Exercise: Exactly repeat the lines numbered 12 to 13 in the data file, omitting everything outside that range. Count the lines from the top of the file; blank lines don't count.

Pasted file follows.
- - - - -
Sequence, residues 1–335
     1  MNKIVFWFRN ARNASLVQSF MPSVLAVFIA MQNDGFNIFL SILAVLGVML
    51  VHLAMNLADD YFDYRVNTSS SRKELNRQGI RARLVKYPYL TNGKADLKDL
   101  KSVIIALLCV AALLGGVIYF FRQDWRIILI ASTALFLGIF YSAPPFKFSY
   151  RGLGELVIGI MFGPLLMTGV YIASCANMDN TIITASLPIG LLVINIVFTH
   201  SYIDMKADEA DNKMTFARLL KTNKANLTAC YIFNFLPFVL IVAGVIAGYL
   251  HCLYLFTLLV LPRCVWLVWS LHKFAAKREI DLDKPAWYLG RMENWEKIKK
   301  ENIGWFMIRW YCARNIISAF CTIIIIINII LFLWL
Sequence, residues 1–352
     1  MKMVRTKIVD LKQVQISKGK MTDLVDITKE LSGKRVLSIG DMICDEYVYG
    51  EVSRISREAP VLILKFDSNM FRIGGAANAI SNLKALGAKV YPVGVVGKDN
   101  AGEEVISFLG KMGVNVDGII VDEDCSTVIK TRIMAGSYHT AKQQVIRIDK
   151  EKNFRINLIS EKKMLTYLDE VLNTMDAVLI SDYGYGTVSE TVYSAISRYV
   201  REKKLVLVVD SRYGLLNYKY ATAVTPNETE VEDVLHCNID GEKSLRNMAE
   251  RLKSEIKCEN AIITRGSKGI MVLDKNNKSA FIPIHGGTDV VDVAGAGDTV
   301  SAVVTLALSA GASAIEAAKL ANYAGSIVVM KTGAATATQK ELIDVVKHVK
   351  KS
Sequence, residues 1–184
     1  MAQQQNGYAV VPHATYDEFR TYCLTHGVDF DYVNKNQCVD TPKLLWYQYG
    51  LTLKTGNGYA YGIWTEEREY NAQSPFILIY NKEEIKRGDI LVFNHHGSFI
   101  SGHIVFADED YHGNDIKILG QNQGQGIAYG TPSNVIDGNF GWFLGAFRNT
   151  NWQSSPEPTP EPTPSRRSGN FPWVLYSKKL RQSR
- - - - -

   101  AGEEVISFLG KMGVNVDGII VDEDCSTVIK TRIMAGSYHT AKQQVIRIDK
   151  EKNFRINLIS EKKMLTYLDE VLNTMDAVLI SDYGYGTVSE TVYSAISRYV